By Amanda Albright and Naureen S. Malik
Ranchers are intrigued by the thought of benefiting from a bovine byproduct: “I’d like to see it go to some useful purpose rather than just going to the dump,” said Chuck Backus, who rides herd on hundreds of cattle in Gold Canyon.
But after less than a year, the groundbreaking renewable-energy bond sale has run into problems, including several technical defaults. WOF repeatedly broke the terms for a variety of reasons after a project delay and blowing its budget by about $9 million. That led Equilibrium to step in with more money. Then, there’s the volley of lawsuits between WOF and former contractor Quasar Energy over a disputed bonus.
The saga has left municipal bondholders at risk as they seek profit in green innovation. Ventures seeking to create biofuel, sustainable wood and fertilizer have enjoyed relentless demand for higher-yielding debt and a pile of cash looking for sustainable investments. But concerns are mounting that bondholders could get burned if the projects aren’t technologically sound or if a downturn dries up loans to keep them afloat. WOF is just the latest municipal-bond borrower to breach financial terms with investors — so-called impairments are up 42% compared with this time last year, according to research firm Municipal Market Analytics.
Renewable natural gas has attracted big oil companies, electric utilities and startups trying to replace fossil fuels. Manure-to-fuel technology could reduce greenhouse gas emissions — cattle are a major source of that pollutant.
“This is going to be a marquee project,” Equilibrium principal Damon Yuzon said in an interview.
In 2018, Pinal County supervisors approved the sale of bonds for WOF, which will pay back the money rather than the local government. County officials were grabbed by the company’s promise of environmental innovation from the humblest source.
“I heard something about manure. Can I get a bird’s-eye view from one of your experts?” Supervisor Pete Rios said at the September meeting. Other officials said they were excited about advancing green energy.
William Wilder, a lawyer for a county agency that sold the securities, told the supervisors it was a “very technical” plant. “It’s a very impressive place,” he said.
WOF will use what’s known as anaerobic digestion, in which microorganisms break down waste in the absence of air. There are nearly 250 anaerobic digestors on livestock farms in the U.S., according to the U.S. Environmental Protection Agency. The designs vary — WOF is on a farm where it will “intercept” manure, Yuzon said.
Creating pipeline-quality natural gas is tricky and costly. WOF will purify methane produced by the manure, and the gas would then go through a pipeline to the Los Angeles area, Wilder said at the county meeting. There, it could be used by buses and other vehicles.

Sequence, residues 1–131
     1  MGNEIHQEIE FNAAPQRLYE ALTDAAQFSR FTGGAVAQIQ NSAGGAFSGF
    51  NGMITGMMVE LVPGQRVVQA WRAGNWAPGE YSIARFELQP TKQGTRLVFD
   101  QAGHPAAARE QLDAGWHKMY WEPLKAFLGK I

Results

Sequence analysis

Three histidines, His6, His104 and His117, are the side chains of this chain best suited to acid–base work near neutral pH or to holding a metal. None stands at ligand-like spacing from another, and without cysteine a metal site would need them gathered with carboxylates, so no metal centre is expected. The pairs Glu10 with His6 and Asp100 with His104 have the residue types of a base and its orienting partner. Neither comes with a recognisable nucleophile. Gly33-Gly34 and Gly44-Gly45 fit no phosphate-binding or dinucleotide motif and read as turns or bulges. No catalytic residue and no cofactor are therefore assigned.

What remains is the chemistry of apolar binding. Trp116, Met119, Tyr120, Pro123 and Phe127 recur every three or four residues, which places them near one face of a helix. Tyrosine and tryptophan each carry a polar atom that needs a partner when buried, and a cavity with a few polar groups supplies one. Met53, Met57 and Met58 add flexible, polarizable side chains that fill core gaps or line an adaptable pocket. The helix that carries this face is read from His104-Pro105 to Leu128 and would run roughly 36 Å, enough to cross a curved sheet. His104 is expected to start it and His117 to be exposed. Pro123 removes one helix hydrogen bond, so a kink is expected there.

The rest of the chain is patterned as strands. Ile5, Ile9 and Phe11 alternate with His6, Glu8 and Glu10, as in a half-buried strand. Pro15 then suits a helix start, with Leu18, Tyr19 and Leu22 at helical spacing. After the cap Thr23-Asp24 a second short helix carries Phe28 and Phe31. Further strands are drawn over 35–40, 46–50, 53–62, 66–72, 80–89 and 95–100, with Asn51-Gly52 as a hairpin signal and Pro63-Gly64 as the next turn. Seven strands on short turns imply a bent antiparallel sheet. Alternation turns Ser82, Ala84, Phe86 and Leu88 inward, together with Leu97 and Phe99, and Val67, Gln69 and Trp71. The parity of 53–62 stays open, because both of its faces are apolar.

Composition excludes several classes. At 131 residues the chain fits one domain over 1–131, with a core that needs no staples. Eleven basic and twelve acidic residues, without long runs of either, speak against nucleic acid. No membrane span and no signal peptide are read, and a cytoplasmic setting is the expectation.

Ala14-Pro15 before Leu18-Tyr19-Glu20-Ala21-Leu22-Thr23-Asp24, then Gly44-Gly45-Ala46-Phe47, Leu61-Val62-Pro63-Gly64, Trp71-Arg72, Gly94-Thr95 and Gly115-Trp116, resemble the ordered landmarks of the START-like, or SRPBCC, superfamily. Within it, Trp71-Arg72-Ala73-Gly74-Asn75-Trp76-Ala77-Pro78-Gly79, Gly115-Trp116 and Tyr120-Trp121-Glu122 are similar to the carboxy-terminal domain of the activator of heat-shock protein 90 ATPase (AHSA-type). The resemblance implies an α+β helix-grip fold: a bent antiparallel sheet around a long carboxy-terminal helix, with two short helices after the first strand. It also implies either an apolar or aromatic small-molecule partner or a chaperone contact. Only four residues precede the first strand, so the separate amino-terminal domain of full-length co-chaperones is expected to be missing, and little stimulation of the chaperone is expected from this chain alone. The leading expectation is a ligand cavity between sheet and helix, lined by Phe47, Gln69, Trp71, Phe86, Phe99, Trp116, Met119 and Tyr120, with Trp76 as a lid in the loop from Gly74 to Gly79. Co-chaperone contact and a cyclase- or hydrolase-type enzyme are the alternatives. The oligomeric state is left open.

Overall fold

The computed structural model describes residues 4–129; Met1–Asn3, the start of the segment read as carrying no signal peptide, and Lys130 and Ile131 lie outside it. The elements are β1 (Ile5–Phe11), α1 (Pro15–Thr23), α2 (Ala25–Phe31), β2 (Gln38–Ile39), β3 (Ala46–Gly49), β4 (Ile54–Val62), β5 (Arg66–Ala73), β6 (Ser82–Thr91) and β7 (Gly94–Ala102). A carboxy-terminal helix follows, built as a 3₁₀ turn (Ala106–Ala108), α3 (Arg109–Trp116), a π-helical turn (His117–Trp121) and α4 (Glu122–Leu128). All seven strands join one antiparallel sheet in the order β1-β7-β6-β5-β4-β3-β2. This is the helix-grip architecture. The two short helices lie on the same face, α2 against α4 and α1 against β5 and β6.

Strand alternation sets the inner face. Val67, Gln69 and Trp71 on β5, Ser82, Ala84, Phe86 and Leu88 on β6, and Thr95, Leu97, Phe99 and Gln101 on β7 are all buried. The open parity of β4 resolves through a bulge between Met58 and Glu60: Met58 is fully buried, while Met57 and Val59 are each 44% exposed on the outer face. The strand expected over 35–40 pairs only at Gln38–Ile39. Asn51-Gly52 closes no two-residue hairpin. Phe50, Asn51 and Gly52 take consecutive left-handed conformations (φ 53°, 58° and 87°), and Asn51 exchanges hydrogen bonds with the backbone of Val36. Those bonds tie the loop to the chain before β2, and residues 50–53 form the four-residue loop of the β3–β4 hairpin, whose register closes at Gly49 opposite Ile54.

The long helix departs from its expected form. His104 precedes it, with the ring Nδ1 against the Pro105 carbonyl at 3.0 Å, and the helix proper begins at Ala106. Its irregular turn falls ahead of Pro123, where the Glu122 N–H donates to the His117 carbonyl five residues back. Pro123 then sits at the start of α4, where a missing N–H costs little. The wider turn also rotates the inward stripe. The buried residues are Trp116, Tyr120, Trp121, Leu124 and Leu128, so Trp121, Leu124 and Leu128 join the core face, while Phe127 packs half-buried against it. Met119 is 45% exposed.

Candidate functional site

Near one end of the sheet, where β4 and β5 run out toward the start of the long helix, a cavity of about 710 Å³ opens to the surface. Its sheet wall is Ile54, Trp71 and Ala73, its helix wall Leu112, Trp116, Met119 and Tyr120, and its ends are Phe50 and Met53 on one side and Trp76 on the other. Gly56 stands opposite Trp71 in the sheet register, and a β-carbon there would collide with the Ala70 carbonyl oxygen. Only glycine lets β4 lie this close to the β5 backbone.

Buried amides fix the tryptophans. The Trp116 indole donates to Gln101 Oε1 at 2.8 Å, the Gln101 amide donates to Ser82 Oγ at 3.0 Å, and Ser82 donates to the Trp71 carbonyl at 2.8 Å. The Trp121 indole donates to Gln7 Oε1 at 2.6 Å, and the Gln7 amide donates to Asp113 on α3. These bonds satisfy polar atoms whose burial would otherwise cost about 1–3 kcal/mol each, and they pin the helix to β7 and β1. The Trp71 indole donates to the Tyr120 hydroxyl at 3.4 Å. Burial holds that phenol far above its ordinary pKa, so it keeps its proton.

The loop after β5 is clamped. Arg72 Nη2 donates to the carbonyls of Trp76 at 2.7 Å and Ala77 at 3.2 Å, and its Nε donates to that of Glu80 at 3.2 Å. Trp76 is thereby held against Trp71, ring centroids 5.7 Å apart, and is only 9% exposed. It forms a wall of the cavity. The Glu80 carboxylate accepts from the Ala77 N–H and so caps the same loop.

WOF’s manure-to-gas ambitions have been a long time coming to fruition. It was initially spearheaded by Green Gas Partners, which had approached county officials in 2013, but didn’t have proper equity to move ahead with a bond deal, according to county documents.
In 2016, Equilibrium and Green Gas Partners joined and later hired renewable energy firm Quasar Energy to construct and operate the facility, according to court documents. In June 2018, WOF ended the Quasar contract, leading the company to sue. The lawsuit says WOF stalled construction to avoid a fee it would owe Quasar if it came in under budget.
A few months later, WOF sold the bonds underwritten by Goldman, which described the sale as one of the first renewable natural-gas project financings for both tax-exempt and taxable capital markets. It was named green project bond of the year by website Environmental Finance.
WOF got backing from big-name municipal investors like Invesco Ltd. and Capital Group, which own the bonds, according to data compiled by Bloomberg. The bonds priced to yield 7.5% in 2033, offering about 4.5 percentage points more yield than top-rated municipal securities. Representatives at Invesco and Capital Group declined to comment.
In an Aug. 12 letter to its bond trustee, WOF disclosed it violated several parts of its agreement with bondholders, triggering a technical default. The letter, which was accidentally publicly filed with regulators, said the project went over budget and may need more money for labor and legal costs. It won’t be completed until February, a month late.
WOF also said it submitted information that was “not true at such time” regarding the delay and defaults. It also mistakenly paid a contractor $245,000 instead of the trustee, the filing said.
Yuzon declined to comment because he said the filing was “non-public information” that was later taken down. The company’s disclosures about the bonds are typically available only to holders.
Equilibrium invested an additional $6.7 million to help with the cost overruns, and it may have to step in with more money later, according to the filing. Equilibrium’s Yuzon said the company was spending more to ensure that there wouldn’t be outages later.
“We want to make sure we do this right,” he said.
Gary Stepenoff, a managing partner for Green Gas Partners, declined to comment. Nor would Taylor Dickinson, a spokeswoman for Goldman.
Despite the hiccups, companies like WOF may be crucial for weaning the U.S. off fossil fuels. The American Gas Association, a lobbying group, estimates that renewable natural gas could meet the needs of half of American homes.
“We preach green out here,” said Tim Kanavel, an economic development program manager for the county. He said the gas project is a good fit for the county, given the bovine population.
“You can imagine how much manure they make a day,” he said.